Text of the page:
Reliability and competitive electricity markets
Deregulation of the electricity sector has resulted in conflict between the economic aims of creating competitive wholesale and retail markets, and an engineering focus on reliability of supply. The paper starts by deriving the optimal prices and investment program when there are price-insensitive retail consumers, and their load serving entities can choose any level of rationing they prefer contingent on real time prices. It then examines the assumptions required for a competitive wholesale and retail market to achieve this optimal price and investment program. The paper analyses the implications of relaxing several of these assumptions. First, it analyses the interrelationships between regulator-imposed price caps, capacity obligations, and system operator procurement, dispatch and compensation arrangements. It goes on to explore the implications of potential network collapses, the concomitant need for operating reserve requirements and whether market prices will provide incentives for investments consistent with these reserve requirements.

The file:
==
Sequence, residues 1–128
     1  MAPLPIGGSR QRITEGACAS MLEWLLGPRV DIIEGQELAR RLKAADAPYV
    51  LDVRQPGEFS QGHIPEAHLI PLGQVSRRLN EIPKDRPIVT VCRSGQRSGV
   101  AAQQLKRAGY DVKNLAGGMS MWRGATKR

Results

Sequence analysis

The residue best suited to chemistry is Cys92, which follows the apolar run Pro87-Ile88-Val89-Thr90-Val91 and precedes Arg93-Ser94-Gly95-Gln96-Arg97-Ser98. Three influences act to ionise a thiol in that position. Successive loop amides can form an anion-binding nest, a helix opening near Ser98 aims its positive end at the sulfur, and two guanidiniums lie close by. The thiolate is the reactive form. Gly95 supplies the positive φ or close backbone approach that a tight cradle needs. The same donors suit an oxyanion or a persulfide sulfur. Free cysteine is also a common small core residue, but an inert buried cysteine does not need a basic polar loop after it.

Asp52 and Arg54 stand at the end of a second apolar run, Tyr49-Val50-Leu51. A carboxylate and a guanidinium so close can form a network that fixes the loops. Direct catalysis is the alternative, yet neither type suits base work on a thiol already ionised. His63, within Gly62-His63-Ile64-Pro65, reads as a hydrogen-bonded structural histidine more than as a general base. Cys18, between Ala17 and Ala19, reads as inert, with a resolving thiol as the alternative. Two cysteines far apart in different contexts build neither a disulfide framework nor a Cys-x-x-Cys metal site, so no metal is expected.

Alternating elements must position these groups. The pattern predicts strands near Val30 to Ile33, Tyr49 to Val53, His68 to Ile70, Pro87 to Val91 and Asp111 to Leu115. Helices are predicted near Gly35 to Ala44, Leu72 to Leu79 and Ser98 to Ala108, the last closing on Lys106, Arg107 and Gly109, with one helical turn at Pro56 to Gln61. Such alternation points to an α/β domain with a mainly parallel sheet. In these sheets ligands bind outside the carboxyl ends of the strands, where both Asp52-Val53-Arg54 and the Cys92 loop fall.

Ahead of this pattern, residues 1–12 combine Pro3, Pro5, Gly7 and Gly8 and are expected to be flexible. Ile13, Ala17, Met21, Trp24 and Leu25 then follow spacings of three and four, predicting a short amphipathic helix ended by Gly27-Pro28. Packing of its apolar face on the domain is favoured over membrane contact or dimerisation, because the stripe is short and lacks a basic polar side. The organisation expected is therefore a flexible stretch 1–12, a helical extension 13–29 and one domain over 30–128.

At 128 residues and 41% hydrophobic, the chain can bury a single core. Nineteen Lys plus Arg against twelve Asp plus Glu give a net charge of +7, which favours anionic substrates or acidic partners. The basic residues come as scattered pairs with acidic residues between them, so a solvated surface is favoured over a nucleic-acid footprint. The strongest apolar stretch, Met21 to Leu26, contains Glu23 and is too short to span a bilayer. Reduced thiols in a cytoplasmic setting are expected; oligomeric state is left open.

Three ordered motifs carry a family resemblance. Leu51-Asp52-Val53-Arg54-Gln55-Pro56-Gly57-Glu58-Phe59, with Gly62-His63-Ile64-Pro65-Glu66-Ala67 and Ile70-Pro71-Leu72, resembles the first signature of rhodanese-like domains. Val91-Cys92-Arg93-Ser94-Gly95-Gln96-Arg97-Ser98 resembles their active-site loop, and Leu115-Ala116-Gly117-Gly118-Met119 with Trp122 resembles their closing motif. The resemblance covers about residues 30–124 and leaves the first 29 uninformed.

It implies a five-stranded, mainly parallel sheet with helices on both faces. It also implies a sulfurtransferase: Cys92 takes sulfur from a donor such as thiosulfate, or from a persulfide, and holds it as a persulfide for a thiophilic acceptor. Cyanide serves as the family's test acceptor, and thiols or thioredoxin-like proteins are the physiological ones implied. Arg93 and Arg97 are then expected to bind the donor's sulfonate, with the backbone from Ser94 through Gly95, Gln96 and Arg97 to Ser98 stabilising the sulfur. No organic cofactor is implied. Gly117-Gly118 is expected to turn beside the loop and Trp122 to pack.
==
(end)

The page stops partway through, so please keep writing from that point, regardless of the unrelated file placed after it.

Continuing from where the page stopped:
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Volume (Year): 38 (2007)
Issue (Month): 1 (03)
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References listed on IDEAS
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- Severin Borenstein & Stephen P. Holland, 2003. "On the Efficiency of Competitive Electricity Markets With Time-Invariant Retail Prices," NBER Working Papers 9922, National Bureau of Economic Research, Inc.
- Green, Richard, 1999. "The Electricity Contract Market in England and Wales," Journal of Industrial Economics, Wiley Blackwell, vol. 47(1), pages 107-24, March.
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